Why visit Jericoacoara off-season?

Because it is not a destination, it is a lifestyle!

I am on a flight to Belem… a flight taking me further away from Jericoacoara, my Jeri, my home of the past two months. And although I have devoted almost exclusively all my posts during that time to my feelings about Jeri and my life there, it seems there are still things to be said.

I first experienced Jeri for a few days in February, the last month of its peak season. My initial plan was to visit it for 3-4 days, then return to Natal where I was renting an apartment and continue my travels to Rio and Bahia and Sao Paulo…  Little did I know Jeri would steal my heart and become my new comfort zone in Brazil. My stay of 3-4 days was prolonged to 12 days (with only a couple of bikinis and t-shirts in my daypack). By that time, the mere thought of leaving was making me sad so I thought why look for another paradise when you’ve found yours already? Decision made. I would yet again make the 20 hour bus trip to Natal this time to pack my stuff, empty my apartment and return to my paradise. I was only leaving with a smile on my face because I knew I was coming back after 10 days. Walking around the village the day before my departure and asking around for apartments to rent I found what was the ideal place for me. A beautiful studio close to Malhada beach a location I’d already fallen for on my first day in Jeri. Could I get any luckier? A lovely Italian family helped me settle and gave me the chance to feel I’m “at home”.

So on the 29th of February, that special day that only happens once every 4 years, I dropped my CrossFit addiction focusing on learning Portuguese, surf and forró. I started immediately. I downloaded DuoLingo and worked on my language skills every single day. I went to the beach to get a good deal for renting a surf board and getting some surf lessons and asked around to find out which nights are ‘forró nights’.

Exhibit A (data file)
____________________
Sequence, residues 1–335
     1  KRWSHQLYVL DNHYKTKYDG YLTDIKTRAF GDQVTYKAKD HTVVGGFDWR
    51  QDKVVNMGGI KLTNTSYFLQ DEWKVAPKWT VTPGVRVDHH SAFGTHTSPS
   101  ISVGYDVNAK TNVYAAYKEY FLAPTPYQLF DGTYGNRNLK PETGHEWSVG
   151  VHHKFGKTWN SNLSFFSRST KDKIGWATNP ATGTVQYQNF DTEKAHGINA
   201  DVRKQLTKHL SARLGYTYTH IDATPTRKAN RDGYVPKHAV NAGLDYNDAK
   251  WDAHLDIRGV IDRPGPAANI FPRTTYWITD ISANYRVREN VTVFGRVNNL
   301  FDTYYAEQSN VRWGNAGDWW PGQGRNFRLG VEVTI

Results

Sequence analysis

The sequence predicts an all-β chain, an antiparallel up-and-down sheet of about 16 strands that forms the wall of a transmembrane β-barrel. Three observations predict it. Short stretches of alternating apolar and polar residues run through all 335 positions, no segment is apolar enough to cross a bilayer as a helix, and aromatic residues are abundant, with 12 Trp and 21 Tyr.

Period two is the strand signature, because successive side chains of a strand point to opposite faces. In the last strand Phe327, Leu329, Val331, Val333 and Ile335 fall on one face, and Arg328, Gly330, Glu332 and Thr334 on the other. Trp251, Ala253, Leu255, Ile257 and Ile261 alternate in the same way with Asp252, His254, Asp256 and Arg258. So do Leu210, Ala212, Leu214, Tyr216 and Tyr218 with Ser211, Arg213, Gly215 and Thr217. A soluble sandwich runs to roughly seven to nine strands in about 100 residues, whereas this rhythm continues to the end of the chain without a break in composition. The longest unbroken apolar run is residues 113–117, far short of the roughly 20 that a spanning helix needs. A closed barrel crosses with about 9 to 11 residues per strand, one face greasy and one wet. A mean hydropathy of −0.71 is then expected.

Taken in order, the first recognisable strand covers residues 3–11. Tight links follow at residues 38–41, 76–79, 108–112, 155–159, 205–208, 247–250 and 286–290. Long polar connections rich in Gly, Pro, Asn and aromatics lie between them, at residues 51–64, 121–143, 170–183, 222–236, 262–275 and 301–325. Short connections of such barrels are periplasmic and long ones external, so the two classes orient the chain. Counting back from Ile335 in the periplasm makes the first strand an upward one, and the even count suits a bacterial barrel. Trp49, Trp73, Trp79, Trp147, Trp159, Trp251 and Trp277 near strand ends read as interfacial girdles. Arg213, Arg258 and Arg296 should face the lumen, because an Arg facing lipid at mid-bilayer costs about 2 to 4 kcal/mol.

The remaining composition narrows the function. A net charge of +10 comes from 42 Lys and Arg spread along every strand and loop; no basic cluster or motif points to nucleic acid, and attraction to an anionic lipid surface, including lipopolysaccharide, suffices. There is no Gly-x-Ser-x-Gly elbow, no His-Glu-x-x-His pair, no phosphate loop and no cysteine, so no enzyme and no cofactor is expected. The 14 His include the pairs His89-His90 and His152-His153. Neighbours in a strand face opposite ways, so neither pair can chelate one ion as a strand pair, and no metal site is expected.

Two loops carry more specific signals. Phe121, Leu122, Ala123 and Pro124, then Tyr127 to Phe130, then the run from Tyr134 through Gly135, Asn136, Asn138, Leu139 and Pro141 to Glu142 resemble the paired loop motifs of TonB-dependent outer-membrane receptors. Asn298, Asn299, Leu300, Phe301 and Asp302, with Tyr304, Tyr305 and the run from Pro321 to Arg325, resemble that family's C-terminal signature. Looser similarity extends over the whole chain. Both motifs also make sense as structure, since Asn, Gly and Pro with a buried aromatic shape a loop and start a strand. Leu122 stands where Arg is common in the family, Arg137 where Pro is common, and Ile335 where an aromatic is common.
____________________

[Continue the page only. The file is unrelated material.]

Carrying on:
I soon realized how different the village was this time of the year. So calm, yet never empty. Jericoacoara enjoys a very long season with temperatures above 28 degrees all year round and the rain season lasting only a few months between March and May. During high season months, everyone is working long hours, putting up with all the weird things tourists want and do while on vacation, yet always having a smile on their face. Locals hardly take any time for themselves, so at the end of February they have their first free days and are able to finally enjoy their paradise, which they so openhandedly had been offering to foreigners between June and February. Now is the time for them to go out every night, to dance, to play beach volley and football, to practice capoeira, to have fun and relax…